VANCOUVER ISLAND, B.C. – With gas prices hitting an all-time high in Metro Vancouver, drivers across northeast Vancouver Island and the Sunshine Coast are also feeling the pinch.

GasBuddy energy analyst Dan McTeague said in a release that gas prices are in the midst of their seasonal surge, as the switch over begins from winter to more expensive summer fuel.

The average price of gas has already jumped more than 20 cents per litre since January but McTeague warns that the bumpy road will be getting worse.

April 1 marked the first day of Ottawa’s carbon tax fee on gasoline, diesel and heating fuels in Ontario, New Brunswick, Manitoba and Saskatchewan.

Meanwhile, B.C. added one cent to its current carbon tax for a total carbon levy of over nine cents per litre, and Metro Vancouver now has the dubious distinction of having the highest gas prices (and gas taxes) in North America.

“It won’t be a summer to remember at the pump thanks to myriad tax increases that will cost Canadians more every fill-up,” McTeague added in the release.

In addition to rising carbon taxes, factors pushing up gasoline prices so far this year include a 35 percent spike in the price of oil since Christmas and a weaker loonie in comparison to the U.S. dollar, according to GasBuddy.

Across northeast Vancouver Island and parts of the Sunshine Coast, gas prices are 15 to 20 cents cheaper than in Metro Vancouver.

McTeague explains why the price at the pump isn’t as painful on the North Island: “First of all, you don’t have as great a tax. You don’t have to pay for a TransLink tax which is 17 cents plus GST. Your taxes right from the get-go are about 12 cents cheaper.”

He added that, “bare bones, stripped down to everything, most gas stations have to buy their fuel for about $1.39, $1.40 per litre today, on the Island. Victoria’s (gas is) higher for obvious reasons, it has the transit tax attached to it so they’re about six cents higher than outside of the area serviced by the Victoria Regional Transit Service.”

McTeague forecasts that gas prices are likely to continue rising before peaking in early summer.

Here is a breakdown of the cheapest gas prices along the North Island:

Comox – $1.49 per litre at four locations: the Co-op at 699 Aspen Rd & Guthrie Rd; the Chevron at 701 Anderton Rd & Guthrie Rd; the Husky at 648 Anderton Rd & Guthrie Rd; and the Shell at 2052 Comox Ave. & Gladstone St.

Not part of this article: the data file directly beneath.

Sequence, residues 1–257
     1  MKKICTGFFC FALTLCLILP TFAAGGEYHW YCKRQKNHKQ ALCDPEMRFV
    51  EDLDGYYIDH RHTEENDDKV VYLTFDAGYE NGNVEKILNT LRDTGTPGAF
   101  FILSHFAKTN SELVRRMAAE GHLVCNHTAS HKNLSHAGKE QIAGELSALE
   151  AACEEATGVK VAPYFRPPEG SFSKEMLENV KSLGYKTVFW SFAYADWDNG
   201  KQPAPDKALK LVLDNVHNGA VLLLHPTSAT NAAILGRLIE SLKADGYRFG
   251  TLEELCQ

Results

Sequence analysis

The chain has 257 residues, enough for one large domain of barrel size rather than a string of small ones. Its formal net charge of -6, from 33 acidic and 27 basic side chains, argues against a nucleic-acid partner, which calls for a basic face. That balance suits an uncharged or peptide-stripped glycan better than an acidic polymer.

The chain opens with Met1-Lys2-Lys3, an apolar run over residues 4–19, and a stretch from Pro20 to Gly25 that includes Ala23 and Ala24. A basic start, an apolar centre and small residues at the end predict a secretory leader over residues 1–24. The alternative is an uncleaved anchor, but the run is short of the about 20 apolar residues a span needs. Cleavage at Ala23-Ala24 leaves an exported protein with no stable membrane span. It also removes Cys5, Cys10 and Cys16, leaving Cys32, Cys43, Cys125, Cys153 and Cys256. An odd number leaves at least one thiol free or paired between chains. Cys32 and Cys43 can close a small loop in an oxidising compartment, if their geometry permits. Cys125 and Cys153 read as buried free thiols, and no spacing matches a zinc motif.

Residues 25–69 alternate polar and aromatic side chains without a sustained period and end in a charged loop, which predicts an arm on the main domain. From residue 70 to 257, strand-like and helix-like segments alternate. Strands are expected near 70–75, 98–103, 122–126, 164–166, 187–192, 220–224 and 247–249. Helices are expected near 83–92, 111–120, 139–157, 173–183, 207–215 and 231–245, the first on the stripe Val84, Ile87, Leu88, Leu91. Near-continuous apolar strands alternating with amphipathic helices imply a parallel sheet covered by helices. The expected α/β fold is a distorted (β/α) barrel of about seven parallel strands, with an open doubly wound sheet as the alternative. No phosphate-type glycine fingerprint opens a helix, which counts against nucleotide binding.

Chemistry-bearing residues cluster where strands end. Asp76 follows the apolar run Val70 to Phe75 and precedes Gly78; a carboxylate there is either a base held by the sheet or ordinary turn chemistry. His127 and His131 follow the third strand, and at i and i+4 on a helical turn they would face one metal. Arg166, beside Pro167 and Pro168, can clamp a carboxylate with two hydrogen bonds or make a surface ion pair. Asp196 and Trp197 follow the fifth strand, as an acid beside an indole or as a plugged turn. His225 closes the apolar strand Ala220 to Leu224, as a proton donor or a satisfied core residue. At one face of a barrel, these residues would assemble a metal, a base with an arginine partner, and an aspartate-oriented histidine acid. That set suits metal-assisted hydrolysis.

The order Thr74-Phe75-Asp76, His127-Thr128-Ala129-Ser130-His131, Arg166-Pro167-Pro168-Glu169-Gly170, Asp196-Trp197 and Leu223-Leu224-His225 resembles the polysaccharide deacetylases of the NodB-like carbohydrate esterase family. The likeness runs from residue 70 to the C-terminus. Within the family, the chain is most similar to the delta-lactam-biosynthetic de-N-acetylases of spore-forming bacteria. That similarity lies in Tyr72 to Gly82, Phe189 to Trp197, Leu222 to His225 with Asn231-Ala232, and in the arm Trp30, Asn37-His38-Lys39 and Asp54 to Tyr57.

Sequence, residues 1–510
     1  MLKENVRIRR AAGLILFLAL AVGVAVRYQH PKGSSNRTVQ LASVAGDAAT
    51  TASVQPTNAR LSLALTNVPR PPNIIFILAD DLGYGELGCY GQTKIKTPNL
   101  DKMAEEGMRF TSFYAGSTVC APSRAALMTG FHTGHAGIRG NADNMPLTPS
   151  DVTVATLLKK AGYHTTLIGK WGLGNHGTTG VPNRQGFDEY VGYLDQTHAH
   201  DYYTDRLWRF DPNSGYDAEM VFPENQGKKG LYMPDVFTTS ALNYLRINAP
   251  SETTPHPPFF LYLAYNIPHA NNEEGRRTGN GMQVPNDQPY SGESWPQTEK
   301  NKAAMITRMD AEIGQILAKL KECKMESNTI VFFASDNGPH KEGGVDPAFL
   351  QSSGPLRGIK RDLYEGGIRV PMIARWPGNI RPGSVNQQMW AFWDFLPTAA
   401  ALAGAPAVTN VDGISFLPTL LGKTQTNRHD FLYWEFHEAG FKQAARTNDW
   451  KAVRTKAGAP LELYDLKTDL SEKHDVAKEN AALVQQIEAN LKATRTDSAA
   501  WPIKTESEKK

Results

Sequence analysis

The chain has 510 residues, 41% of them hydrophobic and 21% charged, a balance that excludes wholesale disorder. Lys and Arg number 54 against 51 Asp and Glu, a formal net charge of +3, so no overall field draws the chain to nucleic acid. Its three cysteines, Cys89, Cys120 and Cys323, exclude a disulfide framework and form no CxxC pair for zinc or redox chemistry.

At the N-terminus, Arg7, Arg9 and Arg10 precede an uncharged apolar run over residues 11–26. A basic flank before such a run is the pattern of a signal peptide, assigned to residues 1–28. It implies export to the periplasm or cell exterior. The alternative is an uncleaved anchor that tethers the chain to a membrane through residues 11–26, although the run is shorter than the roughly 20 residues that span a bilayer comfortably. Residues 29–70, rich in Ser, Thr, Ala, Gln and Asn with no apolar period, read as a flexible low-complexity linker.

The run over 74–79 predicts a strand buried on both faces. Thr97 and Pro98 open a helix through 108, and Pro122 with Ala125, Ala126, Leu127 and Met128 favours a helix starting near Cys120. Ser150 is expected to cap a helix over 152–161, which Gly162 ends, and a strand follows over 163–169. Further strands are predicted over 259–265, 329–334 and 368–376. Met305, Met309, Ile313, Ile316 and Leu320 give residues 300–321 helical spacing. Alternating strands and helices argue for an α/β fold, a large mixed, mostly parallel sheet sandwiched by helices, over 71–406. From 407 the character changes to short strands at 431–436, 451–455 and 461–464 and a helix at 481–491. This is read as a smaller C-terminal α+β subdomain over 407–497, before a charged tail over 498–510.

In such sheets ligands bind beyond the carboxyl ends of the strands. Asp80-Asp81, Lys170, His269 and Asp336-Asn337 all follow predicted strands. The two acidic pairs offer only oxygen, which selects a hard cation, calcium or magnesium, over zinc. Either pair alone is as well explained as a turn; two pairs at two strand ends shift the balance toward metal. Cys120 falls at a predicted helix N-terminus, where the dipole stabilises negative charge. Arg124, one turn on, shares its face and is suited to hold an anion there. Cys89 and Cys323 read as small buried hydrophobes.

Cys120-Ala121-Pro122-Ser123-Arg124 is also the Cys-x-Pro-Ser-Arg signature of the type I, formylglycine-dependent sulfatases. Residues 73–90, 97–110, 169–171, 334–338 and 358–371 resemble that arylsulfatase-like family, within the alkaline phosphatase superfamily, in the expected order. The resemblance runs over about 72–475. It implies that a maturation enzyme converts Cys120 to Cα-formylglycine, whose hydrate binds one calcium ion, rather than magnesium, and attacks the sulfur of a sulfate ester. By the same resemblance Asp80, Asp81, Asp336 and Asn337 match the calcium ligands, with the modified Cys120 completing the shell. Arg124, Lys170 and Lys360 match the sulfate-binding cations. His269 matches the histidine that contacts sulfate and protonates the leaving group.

Courtenay – $1.39 per litre at the Costco at 588 Crown Isle Boulevard and Ryan Road; and $1.42 at the Petro Canada at 2295 Cliffe Ave. near Mansfield St. and the Husky at 2350 Cliffe Ave. & Mansfield Ave.

Campbell River – $1.42 per litre at six locations. Click here to find out where.

Powell River – $1.53 per litre at four locations: the Petro Canada at 4441 Joyce Ave. & Duncan St.; Chevron at 4640 Joyce Ave. & Barnet St.; the Shell at 4799 Joyce Ave. & Alberni St.; and Vanderkemp Sales And Services at 7408 BC-101 near Masters Rd.

Port Hardy – $1.54 per litre at the Chevron at 114 Grandville St. & Rupert St.; and the Esso at 8945 Granville St., near BC-19A.

According to GasBuddy, the cheapest gas in B.C. can be found in Smithers, where the Petro Canada there is listed at $121.9 per litre.

The most expensive gas in the province is in Coquitlam, where the price at the pump at some stations  were a whopping $1.67 per litre today.

Pacific coast impacted

According to McTeague, the gas hike started when two the Pacific Northwest’s “big four refineries” in the U.S. had to go through maintenance.

“In other words they are moving through a period of time up to the about the middle of the month where they are going to see some units shut down for a short period of time,” McTeague said.

“That’s caused a net jump since the beginning of March of almost 75 cents a gallon which works out to about 27 cents a litre.”

And with most if not all of Vancouver Island’s gas coming directly from the U.S. and barged over and distributed across the island, the troubles of refineries across the Pacific Northwest is impacting prices locally.

McTeague said it isn’t inconceivable to see gas prices jump another four to five cents before they drop around the third week of April.